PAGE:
VANCEBURG, Ky. (KT) – Rusty Pruitt is a bi-vocational pastor of a rural Baptist church that is nestled on a country road 3½ miles off the Double A highway in northern Kentucky.
In other words, it’s out there.
Pruitt’s path to becoming a follower of Jesus Christ, and then a Kentucky Baptist preacher, makes the road to his church seem like a walk in the park.
Growing up in a dysfunctional family with an alcoholic father, church and religion were never in the picture. He found a love for music in the 1960s and then found his first idols in life, the Beatles, whose influence eventually led him into a Hindu lifestyle.
As a teen, he dabbled with the spiritual world through Ouija boards and metaphysical experiences. His brother was a lot like him, especially with music, and they both began studying Hinduism, moved to Dallas and became involved in that religion. They found a guru, took Indian names and pledged to become monks.
“I was probably more Hindu than a lot of the Hindus,” he said. “My guru had given me the mantra to repeat. I was literally an idol worshiper. We even worshiped a smooth stone that embodied a deity that was found in the Ganges River.”
Pruitt said his wife divorced him as he followed this path for two years living with others practicing Hinduism. But the man who was his guru allowed him to have Jesus as one of the deities he worshiped. The library where he was studying had lots of books on different religions and he began his own personal study.
“I started reading the Bible, mainly Psalms and the gospels,” he said. “They started calling me the Bible Freak. But I thought Jesus was one of the lesser gods, to be honest. I was drawn to the person of Jesus.”
Pruitt said he backslid some from the Hindu religion but felt guilty and returned. He asked the guru if he could make Jesus his personal deity. “With regular Hindu practice, as a formalized ritual, I started saying prayers to Jesus every morning. The more I did that, the more drawn to Jesus I became. I was more interested, more fascinated. The more I read the Bible, the more real Jesus became.”
That soon became a craving to learn more about Jesus and he began separating from the Hindu religion. Pruitt returned home to Portsmouth, Ohio, and learned his “relatives had got ‘saved’ and were going to church. I didn’t know what being saved meant.”
Pruitt had become a certified yoga instructor. Upon returning home he planned to teach them about Hinduism. “They said we’ll let you teach us yoga if you go to church with us. I don’t remember hearing a sermon ever in my life. I thought, ‘OK, it’s not going to hurt me.’ The preaching is what drew me. I was fascinated by it I’d never heard somebody break it (the Bible) down and go point by point.”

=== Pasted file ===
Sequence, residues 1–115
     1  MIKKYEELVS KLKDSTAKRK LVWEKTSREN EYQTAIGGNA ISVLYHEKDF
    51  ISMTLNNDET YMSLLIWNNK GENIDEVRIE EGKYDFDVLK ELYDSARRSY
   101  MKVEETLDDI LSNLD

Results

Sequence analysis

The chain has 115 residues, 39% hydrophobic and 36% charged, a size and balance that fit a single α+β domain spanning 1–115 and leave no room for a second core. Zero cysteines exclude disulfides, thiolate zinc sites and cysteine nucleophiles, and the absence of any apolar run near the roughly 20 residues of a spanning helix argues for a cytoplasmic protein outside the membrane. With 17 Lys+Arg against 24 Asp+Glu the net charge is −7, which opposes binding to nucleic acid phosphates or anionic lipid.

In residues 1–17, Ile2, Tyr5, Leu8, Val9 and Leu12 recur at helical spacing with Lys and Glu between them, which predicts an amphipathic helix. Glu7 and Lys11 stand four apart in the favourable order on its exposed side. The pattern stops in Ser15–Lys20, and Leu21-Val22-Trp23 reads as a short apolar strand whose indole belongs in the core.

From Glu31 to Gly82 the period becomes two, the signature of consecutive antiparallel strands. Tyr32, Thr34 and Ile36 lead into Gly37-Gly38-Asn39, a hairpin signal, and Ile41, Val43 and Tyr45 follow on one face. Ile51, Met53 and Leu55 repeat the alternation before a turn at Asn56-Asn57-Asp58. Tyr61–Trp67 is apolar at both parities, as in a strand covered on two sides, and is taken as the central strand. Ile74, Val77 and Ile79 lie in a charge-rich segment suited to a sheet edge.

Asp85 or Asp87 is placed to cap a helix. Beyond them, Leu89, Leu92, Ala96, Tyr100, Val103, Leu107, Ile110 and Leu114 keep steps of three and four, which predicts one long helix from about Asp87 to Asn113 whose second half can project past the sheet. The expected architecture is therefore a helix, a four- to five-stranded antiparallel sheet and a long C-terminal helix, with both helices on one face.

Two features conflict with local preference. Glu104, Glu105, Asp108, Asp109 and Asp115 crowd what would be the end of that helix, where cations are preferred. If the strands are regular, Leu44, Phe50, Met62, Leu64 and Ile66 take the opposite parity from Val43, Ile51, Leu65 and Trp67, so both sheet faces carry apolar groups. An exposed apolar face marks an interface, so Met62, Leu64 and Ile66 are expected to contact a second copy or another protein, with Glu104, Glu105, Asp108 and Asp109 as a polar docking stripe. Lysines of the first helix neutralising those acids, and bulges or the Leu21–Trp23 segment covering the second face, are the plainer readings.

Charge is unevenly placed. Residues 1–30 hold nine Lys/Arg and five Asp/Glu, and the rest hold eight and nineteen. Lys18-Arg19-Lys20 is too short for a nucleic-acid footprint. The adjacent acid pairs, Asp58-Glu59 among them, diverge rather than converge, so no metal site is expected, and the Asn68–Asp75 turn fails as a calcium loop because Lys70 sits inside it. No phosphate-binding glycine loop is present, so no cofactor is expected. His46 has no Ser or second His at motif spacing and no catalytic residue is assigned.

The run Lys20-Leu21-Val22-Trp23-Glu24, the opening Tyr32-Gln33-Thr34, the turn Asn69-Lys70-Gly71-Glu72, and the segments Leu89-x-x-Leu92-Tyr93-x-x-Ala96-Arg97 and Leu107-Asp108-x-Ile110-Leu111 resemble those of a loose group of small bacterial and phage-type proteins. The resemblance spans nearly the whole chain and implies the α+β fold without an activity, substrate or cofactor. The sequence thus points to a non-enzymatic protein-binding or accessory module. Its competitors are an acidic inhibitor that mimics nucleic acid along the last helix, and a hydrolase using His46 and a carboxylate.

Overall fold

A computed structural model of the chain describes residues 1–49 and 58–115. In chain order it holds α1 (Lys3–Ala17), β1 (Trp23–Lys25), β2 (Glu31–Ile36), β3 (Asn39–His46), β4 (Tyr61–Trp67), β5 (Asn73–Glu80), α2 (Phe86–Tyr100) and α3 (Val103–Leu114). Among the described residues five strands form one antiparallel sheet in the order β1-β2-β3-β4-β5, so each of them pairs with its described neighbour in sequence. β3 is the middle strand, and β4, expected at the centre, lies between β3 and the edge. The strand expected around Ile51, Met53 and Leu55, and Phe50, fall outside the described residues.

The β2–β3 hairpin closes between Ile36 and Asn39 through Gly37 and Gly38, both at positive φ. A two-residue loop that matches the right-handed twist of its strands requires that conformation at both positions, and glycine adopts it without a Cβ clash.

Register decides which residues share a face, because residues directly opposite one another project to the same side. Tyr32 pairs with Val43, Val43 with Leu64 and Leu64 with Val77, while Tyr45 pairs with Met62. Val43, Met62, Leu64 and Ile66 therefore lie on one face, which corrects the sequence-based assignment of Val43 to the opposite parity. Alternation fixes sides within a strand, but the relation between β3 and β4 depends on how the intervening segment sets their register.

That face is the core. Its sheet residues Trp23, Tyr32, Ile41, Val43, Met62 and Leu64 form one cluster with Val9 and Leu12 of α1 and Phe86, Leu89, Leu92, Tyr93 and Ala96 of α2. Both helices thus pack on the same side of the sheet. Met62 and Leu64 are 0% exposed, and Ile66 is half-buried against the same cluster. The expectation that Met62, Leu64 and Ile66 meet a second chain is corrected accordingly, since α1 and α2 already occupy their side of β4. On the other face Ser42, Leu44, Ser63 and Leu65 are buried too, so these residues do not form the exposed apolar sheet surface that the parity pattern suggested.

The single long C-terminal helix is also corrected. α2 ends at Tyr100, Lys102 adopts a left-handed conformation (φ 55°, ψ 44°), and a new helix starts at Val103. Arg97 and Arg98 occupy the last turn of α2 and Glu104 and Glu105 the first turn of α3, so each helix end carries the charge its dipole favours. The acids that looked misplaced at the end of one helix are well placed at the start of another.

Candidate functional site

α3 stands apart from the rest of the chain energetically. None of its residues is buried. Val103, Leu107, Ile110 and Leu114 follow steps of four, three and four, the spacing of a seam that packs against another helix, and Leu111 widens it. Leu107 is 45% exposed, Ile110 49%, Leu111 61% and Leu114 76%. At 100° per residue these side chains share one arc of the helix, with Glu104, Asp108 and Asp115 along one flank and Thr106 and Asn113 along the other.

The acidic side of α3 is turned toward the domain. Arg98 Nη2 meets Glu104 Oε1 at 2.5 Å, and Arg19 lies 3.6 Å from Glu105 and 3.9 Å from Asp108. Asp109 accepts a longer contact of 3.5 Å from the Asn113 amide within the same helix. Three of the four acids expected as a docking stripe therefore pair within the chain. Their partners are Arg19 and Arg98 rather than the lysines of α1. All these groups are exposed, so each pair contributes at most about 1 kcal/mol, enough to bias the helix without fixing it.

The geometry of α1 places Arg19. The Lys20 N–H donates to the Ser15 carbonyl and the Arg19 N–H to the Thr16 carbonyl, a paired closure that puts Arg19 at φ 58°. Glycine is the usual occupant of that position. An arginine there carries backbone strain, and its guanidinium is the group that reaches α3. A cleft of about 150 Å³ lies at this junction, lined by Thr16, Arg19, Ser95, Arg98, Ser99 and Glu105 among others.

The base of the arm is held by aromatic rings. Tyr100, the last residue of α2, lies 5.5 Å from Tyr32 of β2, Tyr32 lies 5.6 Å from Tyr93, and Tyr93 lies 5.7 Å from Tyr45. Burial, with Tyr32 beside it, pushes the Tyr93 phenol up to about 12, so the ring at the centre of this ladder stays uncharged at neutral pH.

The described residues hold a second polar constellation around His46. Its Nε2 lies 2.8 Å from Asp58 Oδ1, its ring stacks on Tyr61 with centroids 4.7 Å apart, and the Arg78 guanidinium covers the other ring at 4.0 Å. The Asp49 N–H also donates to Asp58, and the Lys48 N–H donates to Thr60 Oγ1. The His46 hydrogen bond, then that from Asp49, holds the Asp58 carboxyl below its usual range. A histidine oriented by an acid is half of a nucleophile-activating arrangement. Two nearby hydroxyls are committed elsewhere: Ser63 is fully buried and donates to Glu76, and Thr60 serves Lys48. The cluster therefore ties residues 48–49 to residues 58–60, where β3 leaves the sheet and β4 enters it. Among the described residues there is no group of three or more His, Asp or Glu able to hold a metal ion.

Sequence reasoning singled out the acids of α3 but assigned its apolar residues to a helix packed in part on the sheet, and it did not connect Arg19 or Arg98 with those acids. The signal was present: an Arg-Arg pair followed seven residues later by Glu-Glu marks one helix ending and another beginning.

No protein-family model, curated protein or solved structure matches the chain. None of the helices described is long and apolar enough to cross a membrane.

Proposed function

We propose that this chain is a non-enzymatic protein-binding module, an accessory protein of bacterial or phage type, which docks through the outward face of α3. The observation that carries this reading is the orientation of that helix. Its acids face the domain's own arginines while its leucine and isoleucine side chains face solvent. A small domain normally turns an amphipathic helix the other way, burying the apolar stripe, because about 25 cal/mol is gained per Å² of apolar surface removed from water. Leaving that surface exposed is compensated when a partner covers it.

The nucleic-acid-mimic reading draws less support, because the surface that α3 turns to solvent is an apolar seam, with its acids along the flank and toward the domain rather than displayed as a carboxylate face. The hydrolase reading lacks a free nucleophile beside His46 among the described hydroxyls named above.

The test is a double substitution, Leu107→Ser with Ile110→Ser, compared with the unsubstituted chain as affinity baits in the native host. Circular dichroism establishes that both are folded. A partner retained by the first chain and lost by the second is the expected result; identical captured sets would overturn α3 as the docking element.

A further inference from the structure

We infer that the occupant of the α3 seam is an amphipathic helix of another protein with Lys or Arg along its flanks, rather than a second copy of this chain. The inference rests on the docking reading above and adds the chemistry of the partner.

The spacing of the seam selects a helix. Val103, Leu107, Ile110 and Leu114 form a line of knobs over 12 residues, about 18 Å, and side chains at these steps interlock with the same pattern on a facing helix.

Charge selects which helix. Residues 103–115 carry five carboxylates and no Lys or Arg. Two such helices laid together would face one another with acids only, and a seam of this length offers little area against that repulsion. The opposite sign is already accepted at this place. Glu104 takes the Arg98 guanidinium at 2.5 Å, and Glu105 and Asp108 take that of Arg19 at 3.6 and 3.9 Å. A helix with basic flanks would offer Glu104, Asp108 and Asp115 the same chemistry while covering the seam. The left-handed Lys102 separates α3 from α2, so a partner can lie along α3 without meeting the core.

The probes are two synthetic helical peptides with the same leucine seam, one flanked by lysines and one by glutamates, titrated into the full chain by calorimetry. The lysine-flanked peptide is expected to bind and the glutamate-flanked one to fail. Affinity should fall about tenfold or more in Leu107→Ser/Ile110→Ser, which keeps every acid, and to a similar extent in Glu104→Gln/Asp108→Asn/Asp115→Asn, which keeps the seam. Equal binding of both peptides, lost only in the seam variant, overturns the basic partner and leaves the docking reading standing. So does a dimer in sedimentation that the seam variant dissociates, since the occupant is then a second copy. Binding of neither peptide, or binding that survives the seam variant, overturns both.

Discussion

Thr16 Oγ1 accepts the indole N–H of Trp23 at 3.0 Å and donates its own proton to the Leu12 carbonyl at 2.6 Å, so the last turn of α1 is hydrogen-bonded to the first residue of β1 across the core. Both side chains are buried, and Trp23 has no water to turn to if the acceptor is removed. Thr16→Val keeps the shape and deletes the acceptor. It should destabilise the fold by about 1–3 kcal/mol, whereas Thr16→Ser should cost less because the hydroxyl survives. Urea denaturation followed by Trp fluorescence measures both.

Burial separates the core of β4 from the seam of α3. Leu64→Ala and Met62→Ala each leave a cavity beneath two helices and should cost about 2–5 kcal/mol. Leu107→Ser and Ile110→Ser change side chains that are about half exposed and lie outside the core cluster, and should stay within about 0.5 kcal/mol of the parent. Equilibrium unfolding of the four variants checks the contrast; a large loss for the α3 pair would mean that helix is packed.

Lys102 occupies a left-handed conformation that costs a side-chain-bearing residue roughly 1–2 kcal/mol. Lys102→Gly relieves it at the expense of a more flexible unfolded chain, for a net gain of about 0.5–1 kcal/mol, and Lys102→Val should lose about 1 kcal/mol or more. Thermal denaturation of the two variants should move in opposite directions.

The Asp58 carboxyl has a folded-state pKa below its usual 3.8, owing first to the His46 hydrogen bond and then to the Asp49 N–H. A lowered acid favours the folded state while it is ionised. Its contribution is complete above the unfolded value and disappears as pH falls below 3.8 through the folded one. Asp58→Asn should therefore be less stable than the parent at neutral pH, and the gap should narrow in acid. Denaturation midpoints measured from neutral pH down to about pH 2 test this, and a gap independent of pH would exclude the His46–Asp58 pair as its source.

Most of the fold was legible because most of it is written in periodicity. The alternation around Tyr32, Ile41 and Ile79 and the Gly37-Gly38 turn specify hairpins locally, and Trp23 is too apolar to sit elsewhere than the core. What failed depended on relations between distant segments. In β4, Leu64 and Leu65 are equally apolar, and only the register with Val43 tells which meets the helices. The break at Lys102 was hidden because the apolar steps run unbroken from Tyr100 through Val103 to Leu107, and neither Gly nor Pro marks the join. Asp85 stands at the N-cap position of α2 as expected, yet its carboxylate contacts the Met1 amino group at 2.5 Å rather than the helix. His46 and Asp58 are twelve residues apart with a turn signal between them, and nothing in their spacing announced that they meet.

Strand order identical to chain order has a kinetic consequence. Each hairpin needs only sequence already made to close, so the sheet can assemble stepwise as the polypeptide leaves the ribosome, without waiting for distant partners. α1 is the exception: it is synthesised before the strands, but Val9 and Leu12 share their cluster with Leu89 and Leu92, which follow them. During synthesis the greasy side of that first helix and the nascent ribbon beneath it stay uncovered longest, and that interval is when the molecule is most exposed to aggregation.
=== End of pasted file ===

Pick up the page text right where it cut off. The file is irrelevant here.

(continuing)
He kept going to church and was invited to play the drums for the music portion, learning later that the pastor was just trying to keep him attending.
“The Lord just saved me,” he said. “I didn’t really even know all the doctrines of Christianity at the time. Jesus came in and saved me.”
Pruitt said it was through the preaching of Paul Badgett, who was an interim pastor in South Shore at the time. Badgett is now the east regional consultant with the Kentucky Baptist Convention where Pruitt is pastoring. “I see the Lord’s hand in it all,” he said
Pruitt, 72, said he’s been preaching the gospel since 1980. He has been at Heselton Baptist Church for eight years. Once a thriving church in the Bracken Baptist Association, it has fallen on tough times. There are about 55 members with about half that number attending regularly.
Pruitt, who is a social worker in Portsmouth, said the church is limited by its location although he remains optimistic. They have added a handicap ramp and a new sound system at the 110-year-old church.
He is also a songwriter affiliated with the Nashville Songwriters Association International and has had several of his original Christian songs recorded by various gospel artists and groups.
“We live in an area that’s the only Baptist church in the area,” said Faye Ginn, 86, who has been a member for 63 years. “It used to be a pretty thriving church but so many people have left these small churches to go to larger churches. To tell you the truth, a lot of people on this road aren’t Baptist-minded.”
Ginn said the small congregation has fallen in love with Pruitt. “I like the way he simplifies things,” she said. “I like him because I think he’s genuine.”
“The church is good people who love the Lord,” he said.
Pruitt’s sermons are posted on a Youtube channel, Proven Faith LLC, and the church has a Facebook page.
Pruitt’s path from unchurched, to Hindu, to the saving grace of Jesus Christ has given him an appreciation of where God has decided to put him.
“I can see the Lord’s hand in it all,” he said.